Painted Gladiatrices: Women, Art and the Eighteenth-Century Social Arena
39th Annual Association of Art Historians Conference and Bookfair
11-13 April 2013
University of Reading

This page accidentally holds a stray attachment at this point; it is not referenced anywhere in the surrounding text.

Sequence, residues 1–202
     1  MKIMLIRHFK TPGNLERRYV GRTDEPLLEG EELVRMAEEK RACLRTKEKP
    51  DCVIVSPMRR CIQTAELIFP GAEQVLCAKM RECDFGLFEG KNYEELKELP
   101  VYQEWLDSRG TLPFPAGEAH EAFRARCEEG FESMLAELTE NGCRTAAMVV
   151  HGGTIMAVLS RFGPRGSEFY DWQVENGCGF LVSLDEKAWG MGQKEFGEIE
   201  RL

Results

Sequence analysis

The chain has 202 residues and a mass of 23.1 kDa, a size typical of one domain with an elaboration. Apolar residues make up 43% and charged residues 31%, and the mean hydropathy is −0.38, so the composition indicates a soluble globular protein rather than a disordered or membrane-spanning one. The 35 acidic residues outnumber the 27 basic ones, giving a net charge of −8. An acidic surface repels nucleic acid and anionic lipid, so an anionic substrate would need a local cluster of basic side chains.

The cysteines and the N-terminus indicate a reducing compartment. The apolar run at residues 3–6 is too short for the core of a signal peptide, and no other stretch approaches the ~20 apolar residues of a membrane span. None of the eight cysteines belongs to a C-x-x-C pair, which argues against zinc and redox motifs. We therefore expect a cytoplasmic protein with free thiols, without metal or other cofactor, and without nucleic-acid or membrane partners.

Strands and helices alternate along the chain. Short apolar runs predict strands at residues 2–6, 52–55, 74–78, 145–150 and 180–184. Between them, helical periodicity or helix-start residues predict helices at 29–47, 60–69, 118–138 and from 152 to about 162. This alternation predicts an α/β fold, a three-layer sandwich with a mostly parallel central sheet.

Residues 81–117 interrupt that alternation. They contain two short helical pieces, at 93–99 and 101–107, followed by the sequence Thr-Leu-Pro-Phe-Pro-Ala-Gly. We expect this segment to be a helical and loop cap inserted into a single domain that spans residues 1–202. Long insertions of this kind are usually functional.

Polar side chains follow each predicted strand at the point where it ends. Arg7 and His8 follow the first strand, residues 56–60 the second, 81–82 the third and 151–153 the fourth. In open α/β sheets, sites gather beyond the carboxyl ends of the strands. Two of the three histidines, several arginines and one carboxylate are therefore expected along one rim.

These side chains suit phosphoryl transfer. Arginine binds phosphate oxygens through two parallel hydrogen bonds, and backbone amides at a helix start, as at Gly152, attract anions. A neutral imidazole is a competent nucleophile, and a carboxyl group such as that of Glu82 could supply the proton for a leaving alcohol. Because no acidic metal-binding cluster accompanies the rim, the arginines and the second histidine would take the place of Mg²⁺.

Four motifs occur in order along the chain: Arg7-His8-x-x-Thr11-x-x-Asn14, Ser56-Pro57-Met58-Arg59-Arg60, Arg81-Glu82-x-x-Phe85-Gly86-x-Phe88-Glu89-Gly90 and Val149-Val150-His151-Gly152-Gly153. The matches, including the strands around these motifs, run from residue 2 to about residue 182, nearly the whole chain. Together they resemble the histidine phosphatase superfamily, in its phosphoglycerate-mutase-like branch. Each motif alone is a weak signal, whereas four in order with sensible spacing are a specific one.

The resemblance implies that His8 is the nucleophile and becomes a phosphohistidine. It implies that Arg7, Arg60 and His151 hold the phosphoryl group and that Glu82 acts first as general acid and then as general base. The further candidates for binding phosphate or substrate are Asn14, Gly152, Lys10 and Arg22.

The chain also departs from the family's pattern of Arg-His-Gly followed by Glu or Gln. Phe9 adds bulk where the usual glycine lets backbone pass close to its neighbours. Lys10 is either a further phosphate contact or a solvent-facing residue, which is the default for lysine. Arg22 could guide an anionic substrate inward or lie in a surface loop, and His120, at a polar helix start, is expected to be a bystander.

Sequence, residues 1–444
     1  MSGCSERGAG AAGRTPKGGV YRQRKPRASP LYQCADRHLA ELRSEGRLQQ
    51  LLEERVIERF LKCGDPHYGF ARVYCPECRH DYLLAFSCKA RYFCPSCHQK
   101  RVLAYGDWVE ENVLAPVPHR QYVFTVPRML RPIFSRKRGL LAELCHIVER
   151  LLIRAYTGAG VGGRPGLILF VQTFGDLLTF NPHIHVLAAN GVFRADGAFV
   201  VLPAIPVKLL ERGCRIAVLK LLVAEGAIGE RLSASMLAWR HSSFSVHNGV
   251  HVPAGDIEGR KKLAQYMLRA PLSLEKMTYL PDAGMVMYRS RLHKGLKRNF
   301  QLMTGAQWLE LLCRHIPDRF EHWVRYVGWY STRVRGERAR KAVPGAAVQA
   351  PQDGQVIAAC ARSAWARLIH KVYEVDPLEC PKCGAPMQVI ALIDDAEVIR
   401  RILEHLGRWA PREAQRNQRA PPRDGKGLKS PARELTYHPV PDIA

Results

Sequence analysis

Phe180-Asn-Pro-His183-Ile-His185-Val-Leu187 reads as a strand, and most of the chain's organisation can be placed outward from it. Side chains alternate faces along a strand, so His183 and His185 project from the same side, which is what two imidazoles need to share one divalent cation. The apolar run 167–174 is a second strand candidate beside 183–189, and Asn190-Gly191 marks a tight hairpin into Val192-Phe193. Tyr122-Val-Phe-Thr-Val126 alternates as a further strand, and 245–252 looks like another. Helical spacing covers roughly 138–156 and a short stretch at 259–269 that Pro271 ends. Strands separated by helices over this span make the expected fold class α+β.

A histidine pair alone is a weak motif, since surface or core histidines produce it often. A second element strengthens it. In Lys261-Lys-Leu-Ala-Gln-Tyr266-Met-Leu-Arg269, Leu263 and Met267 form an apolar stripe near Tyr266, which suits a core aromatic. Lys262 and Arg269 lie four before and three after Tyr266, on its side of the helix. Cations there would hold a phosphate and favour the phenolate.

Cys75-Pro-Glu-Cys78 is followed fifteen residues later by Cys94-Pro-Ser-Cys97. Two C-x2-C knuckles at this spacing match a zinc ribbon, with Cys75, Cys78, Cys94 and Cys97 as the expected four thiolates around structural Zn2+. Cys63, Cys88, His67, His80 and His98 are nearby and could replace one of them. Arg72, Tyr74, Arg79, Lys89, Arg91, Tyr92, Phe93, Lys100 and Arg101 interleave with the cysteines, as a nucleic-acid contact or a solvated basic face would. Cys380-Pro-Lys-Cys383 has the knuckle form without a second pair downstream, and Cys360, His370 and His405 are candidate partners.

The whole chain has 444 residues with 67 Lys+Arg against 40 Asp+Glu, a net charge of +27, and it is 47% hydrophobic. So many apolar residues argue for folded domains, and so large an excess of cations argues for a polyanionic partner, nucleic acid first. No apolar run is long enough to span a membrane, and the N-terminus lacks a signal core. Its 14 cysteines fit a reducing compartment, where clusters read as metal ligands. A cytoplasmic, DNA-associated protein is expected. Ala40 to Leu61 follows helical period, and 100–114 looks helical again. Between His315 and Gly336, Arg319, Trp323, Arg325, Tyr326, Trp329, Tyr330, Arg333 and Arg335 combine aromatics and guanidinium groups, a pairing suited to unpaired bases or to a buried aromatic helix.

In an oft-quoted letter from 29 July, 1782 to Fanny Burney, Edmund Burke comments on how he lives ‘in an age distinguished by producing extraordinary women.’ Burke has proved his powers of foresight, for it is difficult to speak of the eighteenth century without mention of at least one woman who made a significant impact on European history. How were so many women able to step beyond their conventional roles and cause those such as Burke to take notice? This session will explore the development/creation of women’s social images through art in the eighteenth century. What were the relationships between social and visual images of women? Of particular interest is how art conveyed women’s roles in the social spectrum. Recently, historians such as Robert Darnton and Nicholas Hammond have drawn attention to the importance, prevalence and power of gossip in this period, while recent exhibitions including Thomas Gainsborough and the Modern Woman (Cincinnati, 2010) have highlighted the importance of eighteenth-century women and art. This session considers women’s relationship with the fierce social arena of the eighteenth century and the role art played within it. Through the exploration of wide-ranging elements such as allegory, patronage, and royalty and civility we can begin to understand the complexities of women’s social image in art of the eighteenth century.